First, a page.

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June 1, 1907


JAMA. 1907;XLVIII(22):1869. doi:10.1001/jama.1907.02520480047010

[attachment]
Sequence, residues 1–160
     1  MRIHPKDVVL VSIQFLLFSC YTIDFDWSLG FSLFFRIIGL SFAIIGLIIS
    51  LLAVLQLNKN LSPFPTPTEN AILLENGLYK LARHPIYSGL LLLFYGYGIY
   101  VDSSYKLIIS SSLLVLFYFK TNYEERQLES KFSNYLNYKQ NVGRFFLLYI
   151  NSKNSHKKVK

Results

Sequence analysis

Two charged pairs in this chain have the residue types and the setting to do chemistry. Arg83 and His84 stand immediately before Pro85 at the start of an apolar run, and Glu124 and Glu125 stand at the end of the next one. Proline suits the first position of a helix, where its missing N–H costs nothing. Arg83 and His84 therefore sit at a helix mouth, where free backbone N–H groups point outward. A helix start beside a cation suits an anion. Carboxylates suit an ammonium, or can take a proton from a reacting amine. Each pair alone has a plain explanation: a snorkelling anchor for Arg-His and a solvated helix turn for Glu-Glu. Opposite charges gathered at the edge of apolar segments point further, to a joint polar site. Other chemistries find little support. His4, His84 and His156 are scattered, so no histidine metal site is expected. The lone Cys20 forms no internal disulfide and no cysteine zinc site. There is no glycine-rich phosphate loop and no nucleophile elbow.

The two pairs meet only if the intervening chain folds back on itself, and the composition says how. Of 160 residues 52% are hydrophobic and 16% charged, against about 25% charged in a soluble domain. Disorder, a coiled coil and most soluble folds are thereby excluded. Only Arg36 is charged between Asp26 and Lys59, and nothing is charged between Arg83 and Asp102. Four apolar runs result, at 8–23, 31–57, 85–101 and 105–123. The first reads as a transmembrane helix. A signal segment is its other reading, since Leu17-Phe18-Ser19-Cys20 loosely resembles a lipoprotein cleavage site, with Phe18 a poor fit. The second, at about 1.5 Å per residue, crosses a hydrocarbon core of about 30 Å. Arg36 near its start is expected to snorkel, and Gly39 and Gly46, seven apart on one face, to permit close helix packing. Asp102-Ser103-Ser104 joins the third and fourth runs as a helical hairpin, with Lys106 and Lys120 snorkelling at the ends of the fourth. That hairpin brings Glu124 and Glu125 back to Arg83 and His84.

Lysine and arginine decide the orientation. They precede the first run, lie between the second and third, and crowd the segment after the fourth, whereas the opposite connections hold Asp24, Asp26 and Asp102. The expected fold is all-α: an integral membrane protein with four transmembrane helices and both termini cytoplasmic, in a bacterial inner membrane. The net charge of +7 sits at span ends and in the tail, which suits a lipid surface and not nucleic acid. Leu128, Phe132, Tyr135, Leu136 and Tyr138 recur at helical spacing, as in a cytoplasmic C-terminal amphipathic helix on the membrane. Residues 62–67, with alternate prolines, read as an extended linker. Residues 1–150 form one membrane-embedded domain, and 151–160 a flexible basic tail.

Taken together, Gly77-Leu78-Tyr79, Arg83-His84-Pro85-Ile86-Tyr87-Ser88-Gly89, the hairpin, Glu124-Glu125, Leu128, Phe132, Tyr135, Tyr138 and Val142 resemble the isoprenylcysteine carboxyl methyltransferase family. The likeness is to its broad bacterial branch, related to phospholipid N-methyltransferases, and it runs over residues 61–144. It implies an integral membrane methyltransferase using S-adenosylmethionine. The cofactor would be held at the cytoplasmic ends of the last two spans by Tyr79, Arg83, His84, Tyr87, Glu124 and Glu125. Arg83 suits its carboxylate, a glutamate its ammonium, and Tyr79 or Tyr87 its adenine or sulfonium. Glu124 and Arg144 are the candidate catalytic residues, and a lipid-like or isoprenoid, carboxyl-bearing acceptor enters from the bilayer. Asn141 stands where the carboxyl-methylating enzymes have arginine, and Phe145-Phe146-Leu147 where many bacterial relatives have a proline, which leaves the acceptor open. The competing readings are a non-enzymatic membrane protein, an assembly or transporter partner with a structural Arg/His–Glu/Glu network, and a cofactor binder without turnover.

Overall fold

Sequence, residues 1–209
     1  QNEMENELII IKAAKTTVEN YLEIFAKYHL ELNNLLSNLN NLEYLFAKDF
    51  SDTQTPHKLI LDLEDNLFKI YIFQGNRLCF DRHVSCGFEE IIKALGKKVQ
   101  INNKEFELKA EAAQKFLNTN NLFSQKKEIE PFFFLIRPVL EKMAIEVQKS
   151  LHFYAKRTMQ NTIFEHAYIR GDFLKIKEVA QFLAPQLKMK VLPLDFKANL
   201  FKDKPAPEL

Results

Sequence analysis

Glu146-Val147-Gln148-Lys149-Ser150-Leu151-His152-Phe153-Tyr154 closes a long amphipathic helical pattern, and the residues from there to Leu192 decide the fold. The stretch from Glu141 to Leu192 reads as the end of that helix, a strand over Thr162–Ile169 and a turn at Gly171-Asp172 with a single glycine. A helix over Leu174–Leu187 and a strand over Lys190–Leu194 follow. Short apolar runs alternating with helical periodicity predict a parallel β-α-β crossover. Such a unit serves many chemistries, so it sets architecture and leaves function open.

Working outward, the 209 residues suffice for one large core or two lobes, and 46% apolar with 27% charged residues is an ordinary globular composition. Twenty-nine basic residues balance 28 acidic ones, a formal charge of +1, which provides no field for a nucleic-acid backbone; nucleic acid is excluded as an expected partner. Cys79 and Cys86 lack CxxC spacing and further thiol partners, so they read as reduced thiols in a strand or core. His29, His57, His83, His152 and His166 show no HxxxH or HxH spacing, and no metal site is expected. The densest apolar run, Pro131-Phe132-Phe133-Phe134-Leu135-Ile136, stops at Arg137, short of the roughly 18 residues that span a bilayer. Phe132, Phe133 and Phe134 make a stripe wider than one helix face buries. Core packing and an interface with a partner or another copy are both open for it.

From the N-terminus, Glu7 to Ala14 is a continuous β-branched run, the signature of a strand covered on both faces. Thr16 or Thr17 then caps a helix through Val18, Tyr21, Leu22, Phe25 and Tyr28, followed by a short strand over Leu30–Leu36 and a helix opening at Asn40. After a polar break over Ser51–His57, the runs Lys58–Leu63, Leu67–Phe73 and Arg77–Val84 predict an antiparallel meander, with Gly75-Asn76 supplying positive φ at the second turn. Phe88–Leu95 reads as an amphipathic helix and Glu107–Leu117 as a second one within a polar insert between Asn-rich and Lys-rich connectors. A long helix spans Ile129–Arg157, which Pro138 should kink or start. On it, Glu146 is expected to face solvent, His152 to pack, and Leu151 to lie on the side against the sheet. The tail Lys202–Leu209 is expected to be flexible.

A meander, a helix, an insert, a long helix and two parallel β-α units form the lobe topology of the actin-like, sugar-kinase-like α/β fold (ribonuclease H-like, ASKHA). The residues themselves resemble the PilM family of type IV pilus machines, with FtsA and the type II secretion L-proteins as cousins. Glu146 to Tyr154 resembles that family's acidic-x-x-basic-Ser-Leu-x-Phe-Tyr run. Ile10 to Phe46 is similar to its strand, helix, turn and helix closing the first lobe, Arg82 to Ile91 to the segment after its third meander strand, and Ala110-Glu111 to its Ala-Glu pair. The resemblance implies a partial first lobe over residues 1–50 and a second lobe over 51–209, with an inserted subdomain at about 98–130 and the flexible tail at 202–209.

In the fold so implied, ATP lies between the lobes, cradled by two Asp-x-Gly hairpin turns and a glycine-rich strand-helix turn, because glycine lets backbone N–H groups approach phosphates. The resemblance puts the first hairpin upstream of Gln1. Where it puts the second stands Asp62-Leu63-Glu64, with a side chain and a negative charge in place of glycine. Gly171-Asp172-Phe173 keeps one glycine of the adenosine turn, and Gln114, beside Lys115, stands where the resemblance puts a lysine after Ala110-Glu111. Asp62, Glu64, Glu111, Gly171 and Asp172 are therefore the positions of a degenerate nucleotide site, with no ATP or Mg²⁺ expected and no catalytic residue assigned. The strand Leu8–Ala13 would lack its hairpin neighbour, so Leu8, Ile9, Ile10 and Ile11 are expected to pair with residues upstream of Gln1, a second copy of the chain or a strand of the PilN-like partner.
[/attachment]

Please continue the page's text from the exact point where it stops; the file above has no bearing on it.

The successful physician seems to be looked on as the legitimate prey of those blackmailers whose extortion takes the form of malpractice and damage suits. Too often the court seems disposed to place the burden of proof on the physician, requiring him, the defendant, to prove his innocence rather than have the plaintiff prove the physician's guilt. It is a matter for satisfaction, therefore, to find a jurist who gives the medical profession its rightful due. In the case of a malpractice suit reported1 from Ohio, Judge Blair, after listening to the evidence of several local physicians, took the case from the jury and instructed a verdict for the defendant. The attorney for the plaintiff, in protesting against this action, said that it is impossible to make a case against a physician because the members of the medical profession are under obligations to endorse each other's statements. He intimated

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